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DNA evidence helps to solve 22-year-old Arizona murder case

PHOENIX — The Maricopa County Attorney’s Office and Mesa police say that a 22-year-old murder case has been solved thanks to DNA evidence.

A grand jury has indicted 62-year-old Raymond Hanley in the October 1993 death of Debra Shipley in Mesa.

County Attorney Bill Montgomery said her body was found by Mesa arson investigators on a bed inside an apartment that had been set on fire.

“Her hands and feet had been bound, and she had been shot in the back,” said Montgomery. “Despite an extensive investigation at that point, all leads were exhausted, and the case became inactive.”

Then in March of 1994, a woman told Mesa police that she was on the side of a road with car trouble.

“An unknown male arrived and offered to help her,” Montgomery said. “But he then forced her at gunpoint into his motor home, where she was handcuffed, bound, and sexually assaulted.”

She later identified Hanley in a police lineup, and he was sentenced to 30 years in prison. Hanley would later submit a DNA sample, and in 2009, his DNA matched DNA recovered from a cigarette butt found at the scene of Shipley’s murder.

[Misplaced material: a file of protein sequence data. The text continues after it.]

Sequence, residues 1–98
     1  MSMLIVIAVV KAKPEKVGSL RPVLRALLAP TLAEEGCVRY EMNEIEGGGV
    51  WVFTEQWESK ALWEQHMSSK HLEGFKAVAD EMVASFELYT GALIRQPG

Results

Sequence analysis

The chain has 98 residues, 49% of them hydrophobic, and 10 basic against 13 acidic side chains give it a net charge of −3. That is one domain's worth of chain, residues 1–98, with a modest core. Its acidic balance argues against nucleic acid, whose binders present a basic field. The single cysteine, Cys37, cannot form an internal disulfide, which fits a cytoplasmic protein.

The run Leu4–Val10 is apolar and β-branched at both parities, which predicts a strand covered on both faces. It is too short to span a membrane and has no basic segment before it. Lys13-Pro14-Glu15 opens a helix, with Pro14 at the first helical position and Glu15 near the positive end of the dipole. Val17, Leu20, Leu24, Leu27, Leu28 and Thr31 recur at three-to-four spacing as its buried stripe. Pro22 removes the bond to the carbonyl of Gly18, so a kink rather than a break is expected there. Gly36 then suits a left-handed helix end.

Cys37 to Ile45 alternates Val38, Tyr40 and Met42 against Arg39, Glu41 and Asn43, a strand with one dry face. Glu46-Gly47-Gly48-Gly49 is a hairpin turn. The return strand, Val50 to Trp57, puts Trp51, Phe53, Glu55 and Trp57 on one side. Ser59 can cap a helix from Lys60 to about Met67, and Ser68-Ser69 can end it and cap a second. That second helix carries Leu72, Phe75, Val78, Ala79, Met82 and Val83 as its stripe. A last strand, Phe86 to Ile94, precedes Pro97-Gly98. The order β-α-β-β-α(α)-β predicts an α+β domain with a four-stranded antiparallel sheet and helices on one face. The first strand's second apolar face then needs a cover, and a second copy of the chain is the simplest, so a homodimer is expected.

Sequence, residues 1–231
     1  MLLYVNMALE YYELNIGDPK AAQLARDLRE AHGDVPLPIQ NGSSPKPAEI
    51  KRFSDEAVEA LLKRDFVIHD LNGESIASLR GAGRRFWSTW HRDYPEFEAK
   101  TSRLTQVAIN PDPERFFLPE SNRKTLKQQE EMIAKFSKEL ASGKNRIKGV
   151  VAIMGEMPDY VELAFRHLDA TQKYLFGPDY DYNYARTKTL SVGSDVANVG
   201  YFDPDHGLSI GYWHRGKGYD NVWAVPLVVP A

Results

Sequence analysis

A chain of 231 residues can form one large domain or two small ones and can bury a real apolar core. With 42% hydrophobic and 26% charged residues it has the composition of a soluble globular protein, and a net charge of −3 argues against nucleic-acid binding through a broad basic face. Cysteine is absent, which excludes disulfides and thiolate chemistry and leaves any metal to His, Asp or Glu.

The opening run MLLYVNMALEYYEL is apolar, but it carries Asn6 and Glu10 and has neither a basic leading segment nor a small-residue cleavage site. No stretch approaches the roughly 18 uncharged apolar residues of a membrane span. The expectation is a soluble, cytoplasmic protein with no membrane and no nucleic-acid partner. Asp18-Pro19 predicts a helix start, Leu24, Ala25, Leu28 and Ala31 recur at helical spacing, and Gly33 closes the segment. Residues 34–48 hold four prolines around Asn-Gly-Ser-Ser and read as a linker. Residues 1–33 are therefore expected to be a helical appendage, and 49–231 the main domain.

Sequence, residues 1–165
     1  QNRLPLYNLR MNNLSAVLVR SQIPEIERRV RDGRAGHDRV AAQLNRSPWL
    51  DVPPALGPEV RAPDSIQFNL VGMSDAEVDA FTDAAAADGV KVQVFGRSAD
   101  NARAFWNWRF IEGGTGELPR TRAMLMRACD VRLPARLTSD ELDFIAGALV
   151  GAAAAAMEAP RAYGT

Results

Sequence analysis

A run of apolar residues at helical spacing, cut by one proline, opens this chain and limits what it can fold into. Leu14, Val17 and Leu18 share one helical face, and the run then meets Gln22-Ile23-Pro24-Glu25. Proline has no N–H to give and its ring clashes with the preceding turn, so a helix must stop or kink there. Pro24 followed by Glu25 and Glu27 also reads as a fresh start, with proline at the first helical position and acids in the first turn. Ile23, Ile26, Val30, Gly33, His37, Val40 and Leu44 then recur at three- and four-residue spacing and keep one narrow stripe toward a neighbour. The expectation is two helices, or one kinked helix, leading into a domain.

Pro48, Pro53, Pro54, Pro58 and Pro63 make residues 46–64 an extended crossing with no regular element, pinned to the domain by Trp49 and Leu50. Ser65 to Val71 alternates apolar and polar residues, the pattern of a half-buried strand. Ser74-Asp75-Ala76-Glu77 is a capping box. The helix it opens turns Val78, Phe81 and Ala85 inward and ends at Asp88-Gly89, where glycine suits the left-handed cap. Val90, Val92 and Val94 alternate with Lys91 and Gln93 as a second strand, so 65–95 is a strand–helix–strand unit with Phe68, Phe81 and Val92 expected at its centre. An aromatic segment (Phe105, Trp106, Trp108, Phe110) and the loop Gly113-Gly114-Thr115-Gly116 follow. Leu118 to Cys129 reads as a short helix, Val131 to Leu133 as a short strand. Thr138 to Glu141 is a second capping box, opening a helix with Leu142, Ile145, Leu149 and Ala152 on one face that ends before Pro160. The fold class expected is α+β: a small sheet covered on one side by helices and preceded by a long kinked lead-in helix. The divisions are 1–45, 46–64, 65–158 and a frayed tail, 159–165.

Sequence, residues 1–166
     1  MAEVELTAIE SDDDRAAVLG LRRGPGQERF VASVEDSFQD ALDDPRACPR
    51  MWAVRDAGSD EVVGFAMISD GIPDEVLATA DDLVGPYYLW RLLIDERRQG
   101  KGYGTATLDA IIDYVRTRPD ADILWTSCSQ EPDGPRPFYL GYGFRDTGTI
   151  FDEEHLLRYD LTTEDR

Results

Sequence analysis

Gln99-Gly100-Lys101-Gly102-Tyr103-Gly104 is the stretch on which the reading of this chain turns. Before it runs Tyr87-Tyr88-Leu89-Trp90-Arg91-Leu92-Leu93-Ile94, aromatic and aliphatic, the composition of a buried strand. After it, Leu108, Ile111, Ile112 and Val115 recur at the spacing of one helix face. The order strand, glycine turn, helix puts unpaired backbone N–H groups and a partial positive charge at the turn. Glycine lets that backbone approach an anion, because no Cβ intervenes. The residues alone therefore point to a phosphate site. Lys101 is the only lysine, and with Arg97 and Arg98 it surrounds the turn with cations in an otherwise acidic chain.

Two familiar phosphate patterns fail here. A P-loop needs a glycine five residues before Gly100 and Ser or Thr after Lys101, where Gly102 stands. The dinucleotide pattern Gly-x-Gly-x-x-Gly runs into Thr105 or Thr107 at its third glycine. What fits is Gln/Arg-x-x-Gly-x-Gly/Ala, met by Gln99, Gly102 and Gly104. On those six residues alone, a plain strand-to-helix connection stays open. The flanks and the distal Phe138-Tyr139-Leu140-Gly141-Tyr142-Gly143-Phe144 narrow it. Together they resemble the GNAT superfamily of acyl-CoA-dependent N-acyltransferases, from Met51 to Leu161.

Despite the DNA evidence, detectives had to continue to re-interview Hanley and developed more information that implicated him in the murder.

Mesa Police Spokesman Esteban Flores said that Shipley’s relatives have been told that Hanley has been charged in her death.

“The mother of the victim is still alive. She’s in her 80’s,” said Flores. “When she was contacted and notified about this case and that we were going to file charges, she thought that we had forgot about her daughter. We will never forget about these cases. We will continue to work them.”

Shipley’s daughter is now in her 30’s and has a family of her own. Flores said the daughter was about to call Mesa police to find out if there was anything new about the case when she was notified that Hanley was being charged.

Montgomery said that as it stand now, Hanley could face life in prison if convicted. He says his office has 60 days to decide whether to ask for the death penalty.